Quincy Patterson gained the edge last season emerging as the backup QB for the Hokies over Hendon Hooker but with Hooker returning and Oregon transfer Braxton Burmeister joining, the Hokies will have a very healthy competition for that opportunity.
Patterson remains the most intriguing of the bunch as the redshirt freshman QB still hasn’t been on campus for a full year even if it feels like he’s been in Blacksburg a lot longer. That has led to some unnecessary impatience about Patterson’s development that will take time. Fortunately, Patterson was able to gain some experience last season due to the new redshirt rule, which should be valuable in his development going forward.
Hooker is an interesting case as the redshirt sophomore may, in essence, be fighting for his future at Virginia Tech in this competition. With Patterson being younger, losing the QB battle to him would almost certainly block his path to being a starter at Virginia Tech, making a grad transfer a serious possibility to find an opportunity.
Burmeister is the major wild card in all of this and though he likely won’t be eligible, even though he is pursuing a waiver that I’m not show what merits he has for, he definitely can be a force in the 2020 starting QB proxy battle that will take place. The Oregon transfer will have to adjust to his new surroundings and a new offense which could be a challenge, but the fact that he’s had to do this once already at the collegiate level should only help.
Get ready for a backup quarterback battle that will, in effect, be the start of the long battle for the 2020 starting quarterback job which may be one of the most competitive in all of America.
3. Pair of Interior Offensive Line Spots Remain Open
While Lecitus Smith appears to have the left guard spot locked down, center and right guard remain open for competition in part due to the fact that the full competition for those position hasn’t truly begun.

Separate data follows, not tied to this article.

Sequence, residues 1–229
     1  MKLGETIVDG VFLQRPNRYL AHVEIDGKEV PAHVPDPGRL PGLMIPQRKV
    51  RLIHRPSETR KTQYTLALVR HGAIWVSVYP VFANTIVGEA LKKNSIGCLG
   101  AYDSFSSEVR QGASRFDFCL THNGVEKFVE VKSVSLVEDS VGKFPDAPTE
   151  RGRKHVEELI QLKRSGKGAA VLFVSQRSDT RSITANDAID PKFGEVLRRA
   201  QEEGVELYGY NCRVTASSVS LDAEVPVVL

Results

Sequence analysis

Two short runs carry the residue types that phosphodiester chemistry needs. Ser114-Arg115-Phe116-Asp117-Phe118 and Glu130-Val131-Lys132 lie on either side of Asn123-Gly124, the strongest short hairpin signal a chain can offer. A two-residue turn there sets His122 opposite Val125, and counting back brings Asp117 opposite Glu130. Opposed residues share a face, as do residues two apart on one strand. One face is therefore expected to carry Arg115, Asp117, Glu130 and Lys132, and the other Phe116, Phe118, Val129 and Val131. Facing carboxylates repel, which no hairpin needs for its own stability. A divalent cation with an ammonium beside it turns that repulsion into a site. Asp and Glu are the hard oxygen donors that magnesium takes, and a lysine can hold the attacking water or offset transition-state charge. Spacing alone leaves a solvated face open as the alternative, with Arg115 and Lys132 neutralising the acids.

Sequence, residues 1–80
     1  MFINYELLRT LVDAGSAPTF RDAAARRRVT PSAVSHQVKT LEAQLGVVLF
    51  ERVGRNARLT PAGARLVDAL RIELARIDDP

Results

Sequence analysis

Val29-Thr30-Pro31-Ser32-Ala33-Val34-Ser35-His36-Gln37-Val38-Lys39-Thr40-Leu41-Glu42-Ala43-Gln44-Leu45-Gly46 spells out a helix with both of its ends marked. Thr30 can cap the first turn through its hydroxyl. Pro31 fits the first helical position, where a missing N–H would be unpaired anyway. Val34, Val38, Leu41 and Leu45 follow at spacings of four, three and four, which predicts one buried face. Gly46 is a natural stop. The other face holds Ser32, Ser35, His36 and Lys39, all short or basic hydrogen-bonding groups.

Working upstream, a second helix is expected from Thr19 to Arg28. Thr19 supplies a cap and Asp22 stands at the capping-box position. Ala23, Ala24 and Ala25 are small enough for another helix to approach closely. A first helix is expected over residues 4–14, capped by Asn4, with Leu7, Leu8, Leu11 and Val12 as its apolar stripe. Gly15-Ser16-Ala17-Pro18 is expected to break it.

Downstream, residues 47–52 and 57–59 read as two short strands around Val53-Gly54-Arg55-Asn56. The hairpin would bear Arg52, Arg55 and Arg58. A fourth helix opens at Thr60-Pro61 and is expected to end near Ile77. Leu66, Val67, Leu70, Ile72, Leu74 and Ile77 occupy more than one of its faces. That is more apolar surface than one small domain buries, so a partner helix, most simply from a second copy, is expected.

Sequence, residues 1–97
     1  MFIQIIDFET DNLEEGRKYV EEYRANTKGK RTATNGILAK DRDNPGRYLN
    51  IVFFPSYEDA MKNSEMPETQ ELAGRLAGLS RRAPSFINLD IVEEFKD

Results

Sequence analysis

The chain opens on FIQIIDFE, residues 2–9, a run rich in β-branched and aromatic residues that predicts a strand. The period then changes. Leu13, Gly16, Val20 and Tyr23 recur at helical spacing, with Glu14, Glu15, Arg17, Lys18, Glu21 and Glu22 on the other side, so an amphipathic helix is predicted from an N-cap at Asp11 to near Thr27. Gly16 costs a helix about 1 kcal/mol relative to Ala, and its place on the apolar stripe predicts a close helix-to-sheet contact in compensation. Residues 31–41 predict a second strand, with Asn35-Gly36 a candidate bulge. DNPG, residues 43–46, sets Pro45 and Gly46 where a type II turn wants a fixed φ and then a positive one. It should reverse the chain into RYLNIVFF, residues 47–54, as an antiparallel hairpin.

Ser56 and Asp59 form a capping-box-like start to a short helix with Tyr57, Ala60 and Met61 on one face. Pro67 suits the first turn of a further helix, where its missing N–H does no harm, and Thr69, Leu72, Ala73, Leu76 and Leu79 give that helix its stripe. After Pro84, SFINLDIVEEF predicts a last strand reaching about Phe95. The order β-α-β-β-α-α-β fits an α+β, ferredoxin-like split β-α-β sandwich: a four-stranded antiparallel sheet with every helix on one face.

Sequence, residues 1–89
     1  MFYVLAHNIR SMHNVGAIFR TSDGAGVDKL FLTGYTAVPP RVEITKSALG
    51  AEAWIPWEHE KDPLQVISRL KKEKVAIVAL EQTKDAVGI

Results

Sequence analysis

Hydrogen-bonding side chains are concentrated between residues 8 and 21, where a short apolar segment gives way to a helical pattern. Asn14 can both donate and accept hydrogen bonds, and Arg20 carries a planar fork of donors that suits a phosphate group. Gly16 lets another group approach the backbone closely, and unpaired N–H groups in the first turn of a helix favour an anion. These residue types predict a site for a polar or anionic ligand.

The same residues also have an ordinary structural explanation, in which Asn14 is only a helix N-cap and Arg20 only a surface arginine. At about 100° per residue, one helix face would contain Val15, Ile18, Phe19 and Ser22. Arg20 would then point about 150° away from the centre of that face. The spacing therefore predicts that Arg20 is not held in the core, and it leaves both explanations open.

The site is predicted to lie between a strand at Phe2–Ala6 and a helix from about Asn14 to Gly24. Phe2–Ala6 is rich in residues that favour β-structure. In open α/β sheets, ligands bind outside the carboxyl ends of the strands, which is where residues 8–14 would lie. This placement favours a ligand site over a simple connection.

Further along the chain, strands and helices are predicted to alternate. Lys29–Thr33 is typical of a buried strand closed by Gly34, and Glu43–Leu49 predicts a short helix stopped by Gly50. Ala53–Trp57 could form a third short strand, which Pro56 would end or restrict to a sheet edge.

Zachariah Hoyt has the incumbent position at center yet it’s definitely not a guarantee he remains the starter especially if Brock Hoffman gets the waiver through appeal that he should have already received. Hoffman, a two-year interior OL starter at Coastal Carolina, has the versatility to play either guard or center and seems likely to start the summer at center with Vance Vice likely wanting to sort that competition out first. Additionally, John Harris has shown the versatility to play guard or center with the redshirt freshman being a sleeper in the competition at center.
Meanwhile, right guard should be one of the most wide open battles with Harris and either Hoffman or Hoyt likely to be among the top contenders for the job. Tyrell Smith has shown plenty of versatility during his time at Virginia Tech and the redshirt senior should be a name to watch at right guard in part due to his vast experience as a swing man offensive line who could come in almost anywhere.
Additionally, Doug Nester definitely can’t be forgotten as the incoming four-star recruit from West Virginia will start out working at guard and already has the size and talent to compete for the job from his first day in Blacksburg. While it still seems unlikely that Nester will win the job, Vance Vice has shown that he isn’t afraid to start a true freshman as he did at left tackle with Christian Darrisaw.
The battles at right guard and center may not get the same attention as other positions, but these position battles have the potential to be some of the most interesting and competitive of the fall.